5 ways to keep costs down when buying a used car
If you’re on the hunt for a bargain, a used car is far more likely to offer this than a brand-new model. There’s a far greater choice of options incorporating all ages and prices.
But whether you’re after a cheap runaround or splashing out on a luxurious convertible, there are a number of things that you can do to help make sure you pay an affordable price. Follow our tips to make sure you get the best deal.
1. Find the best times to buy
Most dealerships have an influx of used stock when the new licence plates come out in March and September. That’s why February and August can be a good time to buy as they may offer discounts to move certain vehicles. Many dealers work to quarterly targets, so buying at the end of a quarter can also prove timely as they need to shift models to hit those targets.
Similarly, it’s worth looking at buying a used car when it will be its least desirable. For example, demand for convertibles will be much lower in autumn and winter which means the prices for these will be lower at this time of year. Similarly, four-wheel-drives should generally be slightly cheaper to buy over summer.
2. Check you’re not being ripped off
When buying a used car, there are a number of checks you need to do to make sure you’re not being ripped off, or buying a car that might cost you steeply in the long run.
Firstly, a comprehensive car check will be able to tell you if the car has any outstanding finance on it, or if it’s been written off or reported as stolen. Any mileage discrepancies will also be highlighted to help validate your purchase.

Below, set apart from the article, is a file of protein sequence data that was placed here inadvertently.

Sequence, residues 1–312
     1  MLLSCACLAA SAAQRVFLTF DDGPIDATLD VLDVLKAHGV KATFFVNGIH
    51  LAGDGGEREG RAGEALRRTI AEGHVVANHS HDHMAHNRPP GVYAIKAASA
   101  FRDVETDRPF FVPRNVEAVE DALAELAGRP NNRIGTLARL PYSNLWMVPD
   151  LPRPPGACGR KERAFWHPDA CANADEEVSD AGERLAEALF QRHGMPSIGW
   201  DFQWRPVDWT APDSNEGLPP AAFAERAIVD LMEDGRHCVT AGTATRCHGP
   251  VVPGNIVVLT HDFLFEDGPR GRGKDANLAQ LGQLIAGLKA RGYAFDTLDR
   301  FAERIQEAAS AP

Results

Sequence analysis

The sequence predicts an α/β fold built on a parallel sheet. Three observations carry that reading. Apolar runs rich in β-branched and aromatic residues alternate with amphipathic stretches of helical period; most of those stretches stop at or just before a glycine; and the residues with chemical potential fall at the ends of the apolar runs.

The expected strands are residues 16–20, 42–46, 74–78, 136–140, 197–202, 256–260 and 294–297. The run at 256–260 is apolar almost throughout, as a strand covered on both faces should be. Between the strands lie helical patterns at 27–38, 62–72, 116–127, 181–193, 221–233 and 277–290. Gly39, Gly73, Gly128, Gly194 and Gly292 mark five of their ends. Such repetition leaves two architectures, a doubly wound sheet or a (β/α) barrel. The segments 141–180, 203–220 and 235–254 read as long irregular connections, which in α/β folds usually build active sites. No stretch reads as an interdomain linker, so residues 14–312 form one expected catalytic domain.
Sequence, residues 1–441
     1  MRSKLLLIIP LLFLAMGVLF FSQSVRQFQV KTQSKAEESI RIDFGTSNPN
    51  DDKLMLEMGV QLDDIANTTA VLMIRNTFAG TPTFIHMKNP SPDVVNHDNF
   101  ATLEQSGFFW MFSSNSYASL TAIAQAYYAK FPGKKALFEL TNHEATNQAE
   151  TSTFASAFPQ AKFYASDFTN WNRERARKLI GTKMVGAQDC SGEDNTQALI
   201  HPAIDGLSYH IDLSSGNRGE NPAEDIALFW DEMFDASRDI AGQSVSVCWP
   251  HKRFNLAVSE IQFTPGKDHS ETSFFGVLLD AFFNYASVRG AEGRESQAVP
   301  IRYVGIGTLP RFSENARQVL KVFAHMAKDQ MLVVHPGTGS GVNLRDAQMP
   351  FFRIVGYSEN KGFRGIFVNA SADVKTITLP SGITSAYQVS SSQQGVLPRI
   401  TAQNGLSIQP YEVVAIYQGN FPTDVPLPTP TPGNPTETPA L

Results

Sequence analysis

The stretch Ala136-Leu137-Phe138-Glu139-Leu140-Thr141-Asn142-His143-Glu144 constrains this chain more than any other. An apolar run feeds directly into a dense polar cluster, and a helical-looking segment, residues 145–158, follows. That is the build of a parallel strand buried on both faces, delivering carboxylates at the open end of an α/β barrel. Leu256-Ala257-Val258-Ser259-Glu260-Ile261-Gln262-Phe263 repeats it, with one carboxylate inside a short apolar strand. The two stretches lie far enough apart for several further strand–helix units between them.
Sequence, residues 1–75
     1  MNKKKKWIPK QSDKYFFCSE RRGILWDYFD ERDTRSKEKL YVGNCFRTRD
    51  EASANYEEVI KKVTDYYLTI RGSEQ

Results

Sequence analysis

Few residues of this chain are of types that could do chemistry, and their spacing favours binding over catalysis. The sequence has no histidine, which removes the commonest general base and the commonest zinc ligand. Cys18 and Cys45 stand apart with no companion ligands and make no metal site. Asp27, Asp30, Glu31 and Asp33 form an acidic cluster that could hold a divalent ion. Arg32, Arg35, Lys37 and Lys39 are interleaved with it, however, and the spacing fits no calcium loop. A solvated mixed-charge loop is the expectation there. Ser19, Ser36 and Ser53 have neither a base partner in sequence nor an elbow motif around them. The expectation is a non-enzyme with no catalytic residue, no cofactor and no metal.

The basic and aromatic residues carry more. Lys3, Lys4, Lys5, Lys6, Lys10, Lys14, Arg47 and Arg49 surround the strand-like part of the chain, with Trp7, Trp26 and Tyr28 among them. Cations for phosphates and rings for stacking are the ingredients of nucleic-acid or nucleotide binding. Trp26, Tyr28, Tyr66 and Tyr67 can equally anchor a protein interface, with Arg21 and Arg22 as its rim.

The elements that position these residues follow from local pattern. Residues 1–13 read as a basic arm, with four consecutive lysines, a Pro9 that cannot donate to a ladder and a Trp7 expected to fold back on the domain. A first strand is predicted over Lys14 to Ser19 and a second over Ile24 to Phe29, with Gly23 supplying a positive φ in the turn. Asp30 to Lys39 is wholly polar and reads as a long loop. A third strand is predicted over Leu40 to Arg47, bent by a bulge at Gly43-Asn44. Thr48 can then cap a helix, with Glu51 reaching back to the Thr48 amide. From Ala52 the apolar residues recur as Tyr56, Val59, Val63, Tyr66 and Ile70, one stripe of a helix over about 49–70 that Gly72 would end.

An in-person inspection is a must before buying too, as pictures, videos and a description on a car listing don’t always tell the full story. If you’re not especially mechanically minded, the AA offers physical vehicle inspections that check over various aspects of the vehicle and will make sure a vehicle isn’t hiding any faults or ripping you off.
3. Consider the other car running costs
It’s not just the price of the car itself that you should think about, but also the running costs of the vehicle itself.
Generally smaller vehicles with less powerful engines will be cheaper to run and maintain, but hybrid and electric models can offer reduced bills, though you might have to pay more for the vehicle in the first place.
As well as looking at fuel consumption figures, you should also factor in the cost of vehicle excise duty (VED) and insurance. For the latter, an easy way is to look for vehicles in low insurance groups. These range from 1 to 50, with the lowest numbers being the cheapest vehicles to insure.
4. Sort your finance
If you don’t have the cash to buy a second-hand car outright, there are other options available. With AA Cars Finance you can spread the cost over monthly payments. You’ll have access to 31 lenders, help with your final bill if you need it – as well as free AA membership and breakdown cover for a year.
You can choose between a range of options, including personal contract purchase (PCP), hire purchase (HP), leasing or a personal loan.
5. Compare dealerships
To make sure you’re getting the best deal, compare the used car you’re looking to buy at other dealerships. If you compare like-for-like vehicles at various dealers, it will help you to work out if a car is priced too high.
You do need to delve a bit deeper into the service history and any optional extras, however, as this will affect the price.